Translation: The Story of Ma Hu (Part 2)
Beijing-based women’s rights activist Xiao Meili recently introduced her friend Ma Hu with the first part of a three-part profile. Part one told the story of Ma Hu’s childhood, and how she dealt with her gender and sexual identity in a society that offered serious pressure for conformity on both fronts. CDT has translated part two, which tells of Ma’s experiences in Beijing, where she filed a lawsuit against China Post for gender discrimination, and was diagnosed with bipolar disorder. All bold text was carried over from the original Chinese WeChat post. CDT will translate the third and final part of this profile shortly after Xiao Meili posts it. The essay begins as Ma Hu accompanies Xiao Meili on her 2013 protest walk:
I’m sorry to have kept you all waiting for so long,
And I’m sorry that The Story of Ma Hu will have a third part. There are just too many things I want to tell.
Later, I asked Ma Hu: “What was your first impression of me?”
Ma Hu said: “This person is so tanned!”
“I saw your picture online and thought you were tall, but not so much in person.”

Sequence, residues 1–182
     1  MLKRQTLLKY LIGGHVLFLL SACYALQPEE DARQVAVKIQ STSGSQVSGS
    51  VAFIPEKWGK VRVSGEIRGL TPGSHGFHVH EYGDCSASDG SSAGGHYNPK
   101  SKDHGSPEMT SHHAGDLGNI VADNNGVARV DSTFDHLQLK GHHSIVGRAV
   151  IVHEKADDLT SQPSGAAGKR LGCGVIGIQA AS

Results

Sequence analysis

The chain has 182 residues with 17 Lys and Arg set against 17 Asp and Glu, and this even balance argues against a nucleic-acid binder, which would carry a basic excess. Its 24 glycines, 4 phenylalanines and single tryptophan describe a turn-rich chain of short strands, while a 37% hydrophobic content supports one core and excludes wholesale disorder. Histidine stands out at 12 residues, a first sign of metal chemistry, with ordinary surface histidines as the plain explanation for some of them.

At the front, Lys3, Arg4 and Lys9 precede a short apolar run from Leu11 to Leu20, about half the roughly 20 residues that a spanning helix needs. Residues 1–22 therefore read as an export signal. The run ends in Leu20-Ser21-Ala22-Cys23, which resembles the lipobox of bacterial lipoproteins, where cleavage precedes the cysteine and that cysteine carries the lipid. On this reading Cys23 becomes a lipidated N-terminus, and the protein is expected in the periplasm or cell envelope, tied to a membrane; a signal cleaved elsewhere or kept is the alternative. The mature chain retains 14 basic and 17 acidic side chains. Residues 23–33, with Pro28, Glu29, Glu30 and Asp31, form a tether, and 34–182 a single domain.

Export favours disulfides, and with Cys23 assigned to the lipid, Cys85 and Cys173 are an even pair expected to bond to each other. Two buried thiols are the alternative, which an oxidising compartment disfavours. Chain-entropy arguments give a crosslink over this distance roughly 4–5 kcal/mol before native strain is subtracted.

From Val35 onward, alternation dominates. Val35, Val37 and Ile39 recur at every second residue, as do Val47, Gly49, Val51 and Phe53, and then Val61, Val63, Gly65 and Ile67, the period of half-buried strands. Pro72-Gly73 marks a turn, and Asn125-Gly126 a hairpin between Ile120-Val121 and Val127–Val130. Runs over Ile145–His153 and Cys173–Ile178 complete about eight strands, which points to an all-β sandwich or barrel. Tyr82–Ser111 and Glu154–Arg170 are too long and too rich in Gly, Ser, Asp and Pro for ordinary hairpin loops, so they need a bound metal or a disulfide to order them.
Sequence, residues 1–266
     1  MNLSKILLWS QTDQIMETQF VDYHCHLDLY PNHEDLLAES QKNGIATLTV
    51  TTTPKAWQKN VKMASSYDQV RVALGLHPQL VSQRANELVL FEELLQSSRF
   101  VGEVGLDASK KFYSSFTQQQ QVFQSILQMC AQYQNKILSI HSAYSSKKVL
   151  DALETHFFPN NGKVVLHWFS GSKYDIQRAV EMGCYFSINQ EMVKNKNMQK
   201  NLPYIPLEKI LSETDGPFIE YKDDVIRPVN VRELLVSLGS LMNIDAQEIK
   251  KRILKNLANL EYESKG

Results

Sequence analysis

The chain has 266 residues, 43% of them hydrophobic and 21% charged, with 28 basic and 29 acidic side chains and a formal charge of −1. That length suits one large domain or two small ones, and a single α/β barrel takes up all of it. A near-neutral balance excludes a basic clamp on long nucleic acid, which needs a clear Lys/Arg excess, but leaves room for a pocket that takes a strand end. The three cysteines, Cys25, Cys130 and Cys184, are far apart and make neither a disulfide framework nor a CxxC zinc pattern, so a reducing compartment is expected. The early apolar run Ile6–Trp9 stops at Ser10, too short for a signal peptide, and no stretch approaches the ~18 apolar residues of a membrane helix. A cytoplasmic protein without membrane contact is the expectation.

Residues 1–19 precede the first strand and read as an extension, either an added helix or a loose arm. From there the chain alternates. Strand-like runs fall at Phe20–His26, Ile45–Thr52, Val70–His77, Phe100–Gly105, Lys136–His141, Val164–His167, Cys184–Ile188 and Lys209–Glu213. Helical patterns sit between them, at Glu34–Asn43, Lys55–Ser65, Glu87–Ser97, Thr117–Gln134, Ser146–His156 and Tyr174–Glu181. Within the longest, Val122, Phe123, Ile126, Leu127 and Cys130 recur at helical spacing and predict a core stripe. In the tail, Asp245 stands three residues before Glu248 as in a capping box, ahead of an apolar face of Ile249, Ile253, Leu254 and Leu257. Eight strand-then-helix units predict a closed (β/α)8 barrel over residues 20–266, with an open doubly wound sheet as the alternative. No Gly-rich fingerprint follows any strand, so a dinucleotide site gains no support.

“And then I saw your hands—so small.”
“They Seemed So Fascinating to Me”
[…] Ma Hu was drawn to this life where she could walk all day without talking. She thought it was very healing. “Henan braised noodles are so delicious. And, there are people who like eating raw garlic! Yes, you! Hahahaha. I felt at ease. In my hometown, only rural folks eat raw garlic. You’d be laughed at.”
There were friends who joined and left the Walk at different points. We were treated to two great banquets by people from Zhumadian [Henan], the so-called worst people in China. They also let us stay for two nights free of charge. We walked by empty towns and endless piles of trash. We walked by many coffins at night (Ma Hu remembered this vividly but I completely forgot). We walked from the greyish north to the greenish south.
As we arrived in Wuhan, we were welcomed by friends from Guangbutun Feminist and Lesbian Group. They helped arrange all sorts of lectures and sharing sessions in Wuhan. These girls, who were the same age as us, started this group on their own and gave it quite a rustic name. The group was completely volunteer-based and they were doing it out of their passion. Ma Hu didn’t talk much. She watched with curiosity: “I would love to hang out with these people. They seemed so fascinating to me. I would like to do something like this in the future, even if the conditions aren’t good.”